To put it simply – location based marketing is the art of transferring consumers shared location into revenue.
Location based marketing is very effective tool, that we all most probably use every day without even thinking about it.. But we’ll get to that later.
There are many different form of location-based marketing:
- Location-based services (LBS): mobile apps such as foursquare and HotList that provide information or entertainment to users based on their location.
- Near-field communications (NFC): technology that allows two devices that are in close proximity — between two and 20 centimeters — to exchange information.
- Location-based advertising (LBA): uses tools such as GPS and geo-fencing to locate potential prospects and send them messages.
Out of the apps, Foursquare and Hotlist seems to be the most popular. Both these apps can be linked to Facebook, which is always nice! (It’ll make Facebook a bit more interesting for all of your stalkers.)
Foursquare offers users a fun way to explore their local area. The application works through a phone download. Users add the application to their phones then take it with them as they go out and do things.
HotList is another tool that can help users stay on top of where their friends have been, are and will be going. The application works by integrating Google Maps so users can get a visual on where others are. The user can see where their friends have been and discover places that they like to go. This allows the user to try new places and seek out new local attractions.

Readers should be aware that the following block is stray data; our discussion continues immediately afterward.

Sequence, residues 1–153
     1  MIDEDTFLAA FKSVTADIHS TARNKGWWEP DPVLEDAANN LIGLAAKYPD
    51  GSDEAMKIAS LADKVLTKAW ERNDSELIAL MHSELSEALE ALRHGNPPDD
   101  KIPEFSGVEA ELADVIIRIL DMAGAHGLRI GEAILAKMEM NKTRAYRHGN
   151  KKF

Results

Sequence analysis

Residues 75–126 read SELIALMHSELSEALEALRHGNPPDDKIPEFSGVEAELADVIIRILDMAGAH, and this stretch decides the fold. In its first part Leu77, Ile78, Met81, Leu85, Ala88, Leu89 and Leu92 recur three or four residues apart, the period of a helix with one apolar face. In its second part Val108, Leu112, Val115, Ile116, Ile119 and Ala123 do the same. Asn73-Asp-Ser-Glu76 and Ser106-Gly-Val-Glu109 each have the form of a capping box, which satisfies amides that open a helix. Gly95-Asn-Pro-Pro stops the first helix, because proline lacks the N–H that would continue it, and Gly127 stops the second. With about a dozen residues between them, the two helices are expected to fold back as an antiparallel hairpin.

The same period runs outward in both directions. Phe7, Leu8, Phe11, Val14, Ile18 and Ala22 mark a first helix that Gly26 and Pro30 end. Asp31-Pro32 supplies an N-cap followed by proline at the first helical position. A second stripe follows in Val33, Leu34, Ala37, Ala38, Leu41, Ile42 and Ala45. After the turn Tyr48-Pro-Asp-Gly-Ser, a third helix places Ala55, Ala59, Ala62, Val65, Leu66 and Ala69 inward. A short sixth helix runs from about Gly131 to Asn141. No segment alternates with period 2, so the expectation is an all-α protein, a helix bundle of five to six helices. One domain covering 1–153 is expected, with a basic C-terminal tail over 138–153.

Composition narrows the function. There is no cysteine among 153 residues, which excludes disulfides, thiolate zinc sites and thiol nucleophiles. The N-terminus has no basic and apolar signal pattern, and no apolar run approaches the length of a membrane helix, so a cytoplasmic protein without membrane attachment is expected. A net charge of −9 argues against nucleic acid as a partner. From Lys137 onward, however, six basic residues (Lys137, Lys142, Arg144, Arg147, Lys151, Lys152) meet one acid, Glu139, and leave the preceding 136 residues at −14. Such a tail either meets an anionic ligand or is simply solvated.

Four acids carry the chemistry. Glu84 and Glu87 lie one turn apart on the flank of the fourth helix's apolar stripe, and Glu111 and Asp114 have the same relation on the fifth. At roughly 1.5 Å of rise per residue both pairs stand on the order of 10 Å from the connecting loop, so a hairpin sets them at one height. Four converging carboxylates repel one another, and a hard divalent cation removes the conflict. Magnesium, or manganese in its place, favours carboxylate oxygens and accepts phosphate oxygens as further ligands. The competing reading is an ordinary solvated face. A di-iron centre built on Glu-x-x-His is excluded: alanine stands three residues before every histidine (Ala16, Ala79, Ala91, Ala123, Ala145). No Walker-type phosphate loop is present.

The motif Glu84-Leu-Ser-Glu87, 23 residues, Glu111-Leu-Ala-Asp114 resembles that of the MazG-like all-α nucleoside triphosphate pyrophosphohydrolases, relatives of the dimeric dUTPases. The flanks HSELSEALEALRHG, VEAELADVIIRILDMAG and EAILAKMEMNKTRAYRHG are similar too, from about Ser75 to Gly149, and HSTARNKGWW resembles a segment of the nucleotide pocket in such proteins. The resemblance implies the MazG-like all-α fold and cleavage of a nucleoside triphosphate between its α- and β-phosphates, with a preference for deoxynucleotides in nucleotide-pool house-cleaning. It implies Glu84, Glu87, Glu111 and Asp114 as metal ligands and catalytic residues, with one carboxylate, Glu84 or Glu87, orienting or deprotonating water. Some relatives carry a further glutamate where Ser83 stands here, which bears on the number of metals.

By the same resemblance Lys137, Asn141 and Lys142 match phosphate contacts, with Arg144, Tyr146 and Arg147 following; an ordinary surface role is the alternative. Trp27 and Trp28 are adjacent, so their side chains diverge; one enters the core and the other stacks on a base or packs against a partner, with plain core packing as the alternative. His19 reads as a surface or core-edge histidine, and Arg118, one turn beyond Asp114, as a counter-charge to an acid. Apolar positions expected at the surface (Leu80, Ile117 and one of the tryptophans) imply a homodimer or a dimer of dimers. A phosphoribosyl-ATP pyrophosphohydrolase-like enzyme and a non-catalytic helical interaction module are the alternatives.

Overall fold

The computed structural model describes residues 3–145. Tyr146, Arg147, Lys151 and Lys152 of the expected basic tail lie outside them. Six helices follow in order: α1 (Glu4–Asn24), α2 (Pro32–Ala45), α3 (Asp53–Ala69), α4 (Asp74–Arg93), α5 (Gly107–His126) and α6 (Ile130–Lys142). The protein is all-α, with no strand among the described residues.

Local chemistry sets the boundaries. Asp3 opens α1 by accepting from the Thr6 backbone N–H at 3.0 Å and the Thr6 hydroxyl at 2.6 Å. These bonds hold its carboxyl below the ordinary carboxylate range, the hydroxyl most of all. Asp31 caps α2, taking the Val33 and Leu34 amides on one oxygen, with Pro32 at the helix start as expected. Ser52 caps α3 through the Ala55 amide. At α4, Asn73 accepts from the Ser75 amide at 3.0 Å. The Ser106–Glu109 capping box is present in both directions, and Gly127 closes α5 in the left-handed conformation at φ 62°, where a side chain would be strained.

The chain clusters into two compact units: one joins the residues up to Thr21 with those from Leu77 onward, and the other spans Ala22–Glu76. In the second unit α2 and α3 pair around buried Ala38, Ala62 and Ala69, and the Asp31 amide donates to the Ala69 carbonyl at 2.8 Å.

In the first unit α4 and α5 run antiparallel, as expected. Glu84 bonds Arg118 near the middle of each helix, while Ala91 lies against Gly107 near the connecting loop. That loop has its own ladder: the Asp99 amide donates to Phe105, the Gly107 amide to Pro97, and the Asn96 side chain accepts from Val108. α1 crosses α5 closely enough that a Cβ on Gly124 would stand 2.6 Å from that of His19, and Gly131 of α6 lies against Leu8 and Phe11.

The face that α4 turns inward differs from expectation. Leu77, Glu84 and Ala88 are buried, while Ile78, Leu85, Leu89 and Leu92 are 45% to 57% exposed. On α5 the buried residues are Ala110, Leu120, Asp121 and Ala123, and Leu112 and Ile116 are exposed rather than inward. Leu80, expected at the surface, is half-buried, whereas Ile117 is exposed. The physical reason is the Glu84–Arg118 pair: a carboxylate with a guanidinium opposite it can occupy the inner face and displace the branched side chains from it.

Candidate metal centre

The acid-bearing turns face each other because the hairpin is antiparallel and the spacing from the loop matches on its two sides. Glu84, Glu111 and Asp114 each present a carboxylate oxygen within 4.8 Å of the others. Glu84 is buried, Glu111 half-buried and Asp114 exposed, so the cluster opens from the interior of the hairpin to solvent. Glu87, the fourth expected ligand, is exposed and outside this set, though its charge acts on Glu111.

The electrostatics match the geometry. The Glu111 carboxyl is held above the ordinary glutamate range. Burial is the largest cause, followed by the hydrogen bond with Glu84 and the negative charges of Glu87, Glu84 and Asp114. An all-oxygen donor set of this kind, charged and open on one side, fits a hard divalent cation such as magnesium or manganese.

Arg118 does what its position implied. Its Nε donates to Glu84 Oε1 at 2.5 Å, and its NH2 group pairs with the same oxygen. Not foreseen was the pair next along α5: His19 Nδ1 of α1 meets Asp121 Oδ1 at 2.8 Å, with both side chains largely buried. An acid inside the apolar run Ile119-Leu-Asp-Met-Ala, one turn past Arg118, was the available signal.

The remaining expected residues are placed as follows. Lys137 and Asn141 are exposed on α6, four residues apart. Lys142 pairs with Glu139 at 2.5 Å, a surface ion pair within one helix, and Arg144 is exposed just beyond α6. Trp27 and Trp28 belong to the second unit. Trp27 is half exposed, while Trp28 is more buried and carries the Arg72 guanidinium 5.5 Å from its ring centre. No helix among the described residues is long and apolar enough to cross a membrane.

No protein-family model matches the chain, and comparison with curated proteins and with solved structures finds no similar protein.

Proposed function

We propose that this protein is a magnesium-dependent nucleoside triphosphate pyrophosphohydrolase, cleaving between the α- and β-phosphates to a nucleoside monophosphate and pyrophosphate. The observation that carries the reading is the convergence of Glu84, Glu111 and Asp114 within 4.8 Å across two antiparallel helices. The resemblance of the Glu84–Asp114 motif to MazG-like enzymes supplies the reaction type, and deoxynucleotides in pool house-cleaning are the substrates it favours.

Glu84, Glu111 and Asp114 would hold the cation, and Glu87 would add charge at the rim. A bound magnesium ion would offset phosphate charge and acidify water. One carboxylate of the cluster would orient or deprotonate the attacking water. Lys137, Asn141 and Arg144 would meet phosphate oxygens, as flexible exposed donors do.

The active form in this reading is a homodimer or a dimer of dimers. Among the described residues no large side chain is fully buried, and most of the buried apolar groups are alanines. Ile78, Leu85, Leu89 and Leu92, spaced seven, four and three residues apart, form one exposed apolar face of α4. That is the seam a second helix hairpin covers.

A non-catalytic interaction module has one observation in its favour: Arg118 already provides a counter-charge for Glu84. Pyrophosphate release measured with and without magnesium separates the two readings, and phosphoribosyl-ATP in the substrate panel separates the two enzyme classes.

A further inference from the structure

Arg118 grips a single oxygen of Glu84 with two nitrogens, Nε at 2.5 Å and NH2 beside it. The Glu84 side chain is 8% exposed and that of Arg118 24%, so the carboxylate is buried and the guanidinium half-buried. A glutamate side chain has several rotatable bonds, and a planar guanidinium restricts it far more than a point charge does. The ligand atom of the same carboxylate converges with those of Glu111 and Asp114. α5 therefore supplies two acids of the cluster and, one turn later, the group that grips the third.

If you haven’t heard of these apps, I suggest you give them a go, you never know they might actually help you find something new.
The simplest form of LBM is going to have to be google maps. I think everyone has had that moment when you’re in an area you don’t know so well, and you are starving. The first thing you do is – Whip out the good old smart phone and type a key word like “food” or “Restaurant” into google maps. I’d suggest that all businesses register themselves on google maps, as it is honestly the first thing most of us will turn too.
Near Field Communications is one that has only recently come to the surface, due to the fact that it hasn’t been built into all smart phones (yet). I’m pretty sure all Londoners have will know how it works, as the oyster card uses exactly the same principle. For example you could have a NFC spot on the outside of a shop and hold your phone up to it, and then all the information about the shop will pop up. You could potentially even do the same with products. I think this type of technology will still take anther year before it is actually used nationally. People always seem to be a little bit hesitant with new technology, especially something like this.
Location based advertising isn’t that big in the UK, but it works on the principle that – Say you are close to a fast food reasturant, and they are have an offer – You’ll receive a message on you phone with a voucher, which would obviously entice you to go there and eat a nice discounted meal.
I think in the next year or so this type of marketing will become the way forward. Most of us will have swanky smart phones that can do supposedly everything under the sun, and we are all on them constantly. So if a business wants to target the consumer, they should target them on smart phones, as we never go without them (Well at least I don’t).